To Fight Depression:
, Learn how to kill ANTs (automatic negative thoughts)
To Curb Anger:
, Follow the Amen anti-anger diet and learn the nutrients that calm rage
To Conquer Impulsiveness and Learn to Focus:
, Develop total focus with the "One-Page Miracle"
To Stop Obsessive Worrying:
, Follow the "get unstuck" writing exercise and learn other problem-solving exercises"
Long out of print, this is a landmark study on narcotic and psychedelic substances by a world-renowned pharmacologist and toxicologist- The first book to bring non-judgmental scientific insights to the use of drugs around the world - Provides detailed information on all major drugs of the time, including opium, cocaine, heroin, cannabis, peyote, fly agaric, henbane, datura, alcohol, kava, betel, coffee, tea, cocoa, and tobacco - A book credited with starting an era of ethnobotany that continues to the present day The publication of Louis Lewin's Phantastica in 1924 began an era of ethnobotany that is still flourishing today. Until Lewin, books on the use of drugs were purely works of anthropology, concerned with how people used these plants, rather than how the plants produced their famous effects. Lewin, a world-renowned pharmacologist and toxicologist, was fascinated by both, and Phantastica was the first book to bring scientific insights to a survey of the use of drugs around the world. Lewin traveled extensively and acquired an astonishing variety of knowledge, reflected in this book, which provides detailed information on all major drugs of the time, including opium, cocaine, heroin, cannabis, peyote, fly agaric, henbane, datura, alcohol, kava, betel, coffee, tea, cocoa, and, of course, tobacco. For thirty years ethnobotanists have bemoaned the fact that Phantastica has been impossible to find; now this landmark work is once again available.
One out of every one hundred young women is anorexic. Four out of every one hundred are bulimic. Overall, research suggests that eight million Americans--men and women--have an eating disorder. Yet in the face of these startling statistics, parents do not have a clear understanding of how to help their child overcome an eating disorder.In Conquering Eating Disorders, Susan Cooper, a licensed psychologist and group psychotherapist, and Peggy Norton, a dietician with thirty years of experience, bridge the gap between the statistics and the real-life issues to help teens and parents gain the communication skills necessary to support the healing process. Parents need to know that only in Conquering Eating Disorders will you hear directly from teens struggling with eating disorders and get expert advice on how to interpret and respond to what your teen is saying--even when they're not talking.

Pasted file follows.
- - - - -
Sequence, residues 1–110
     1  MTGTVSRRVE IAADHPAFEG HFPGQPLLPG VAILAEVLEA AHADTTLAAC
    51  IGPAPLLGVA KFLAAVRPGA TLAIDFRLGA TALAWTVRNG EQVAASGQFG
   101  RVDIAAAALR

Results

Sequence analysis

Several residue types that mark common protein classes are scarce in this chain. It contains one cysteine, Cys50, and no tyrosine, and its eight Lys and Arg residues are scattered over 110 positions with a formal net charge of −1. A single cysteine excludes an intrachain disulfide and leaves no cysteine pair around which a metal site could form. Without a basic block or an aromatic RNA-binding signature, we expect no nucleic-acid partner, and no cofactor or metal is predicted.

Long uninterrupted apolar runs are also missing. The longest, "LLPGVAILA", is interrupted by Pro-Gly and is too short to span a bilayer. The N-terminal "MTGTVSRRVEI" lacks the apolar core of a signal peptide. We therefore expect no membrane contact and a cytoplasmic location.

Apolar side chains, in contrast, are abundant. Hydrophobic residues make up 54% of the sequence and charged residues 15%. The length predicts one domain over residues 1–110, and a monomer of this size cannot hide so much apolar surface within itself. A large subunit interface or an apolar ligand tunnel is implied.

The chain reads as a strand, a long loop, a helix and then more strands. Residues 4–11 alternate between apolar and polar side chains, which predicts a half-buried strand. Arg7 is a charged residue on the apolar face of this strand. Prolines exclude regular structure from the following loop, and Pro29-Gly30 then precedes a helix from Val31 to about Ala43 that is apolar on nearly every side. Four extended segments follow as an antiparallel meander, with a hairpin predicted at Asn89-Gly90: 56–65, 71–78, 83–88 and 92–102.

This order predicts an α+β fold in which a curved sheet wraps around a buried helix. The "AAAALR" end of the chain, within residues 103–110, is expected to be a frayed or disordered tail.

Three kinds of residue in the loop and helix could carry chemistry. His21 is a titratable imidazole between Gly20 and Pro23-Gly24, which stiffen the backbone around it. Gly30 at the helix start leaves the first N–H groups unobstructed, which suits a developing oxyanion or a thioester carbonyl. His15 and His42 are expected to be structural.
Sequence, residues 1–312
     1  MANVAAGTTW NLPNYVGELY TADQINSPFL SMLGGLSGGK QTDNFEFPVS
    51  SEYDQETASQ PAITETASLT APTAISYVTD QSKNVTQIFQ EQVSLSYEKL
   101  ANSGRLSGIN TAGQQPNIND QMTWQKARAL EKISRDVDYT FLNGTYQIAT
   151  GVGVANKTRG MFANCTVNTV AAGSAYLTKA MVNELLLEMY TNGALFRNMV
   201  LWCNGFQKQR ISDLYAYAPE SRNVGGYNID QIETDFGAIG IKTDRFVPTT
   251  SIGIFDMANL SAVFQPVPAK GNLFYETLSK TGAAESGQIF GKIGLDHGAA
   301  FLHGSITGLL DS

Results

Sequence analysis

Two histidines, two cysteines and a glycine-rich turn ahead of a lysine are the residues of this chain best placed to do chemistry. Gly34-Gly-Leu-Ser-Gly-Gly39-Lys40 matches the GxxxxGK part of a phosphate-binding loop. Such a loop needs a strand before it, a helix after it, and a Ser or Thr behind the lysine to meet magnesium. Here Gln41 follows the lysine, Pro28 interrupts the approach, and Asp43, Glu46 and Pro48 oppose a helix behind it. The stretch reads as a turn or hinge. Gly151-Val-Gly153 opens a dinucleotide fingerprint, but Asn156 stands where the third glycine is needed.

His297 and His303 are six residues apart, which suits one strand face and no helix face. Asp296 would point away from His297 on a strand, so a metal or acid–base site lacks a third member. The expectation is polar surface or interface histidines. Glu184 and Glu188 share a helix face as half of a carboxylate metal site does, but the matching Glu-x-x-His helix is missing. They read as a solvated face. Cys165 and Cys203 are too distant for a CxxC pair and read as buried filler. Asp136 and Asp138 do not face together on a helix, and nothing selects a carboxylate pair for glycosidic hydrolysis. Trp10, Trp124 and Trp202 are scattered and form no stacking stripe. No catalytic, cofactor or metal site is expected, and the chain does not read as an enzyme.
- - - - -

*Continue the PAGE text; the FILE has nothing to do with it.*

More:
Unholy Ghost is a unique collection of essays about depression that, in the spirit of William Styron's Darkness Visible, finds vivid expression for an elusive illness suffered by more than one in five Americans today. Unlike any other memoir of depression, however, Unholy Ghost includes many voices and depicts the most complete portrait of the illness. Lauren Slater eloquently describes her own perilous experience as a pregnant woman on antidepressant medication. Susanna Kaysen, writing for the first time about depression since Girl, Interrupted, criticizes herself and others for making too much of the illness. Larry McMurtry recounts the despair that descended after his quadruple bypass surgery. Meri Danquah describes the challenges of racism and depression. Ann Beattie sees melancholy as a consequence of her writing life. And Donald Hall lovingly remembers the moody seesaw of his relationship with his wife, Jane Kenyon.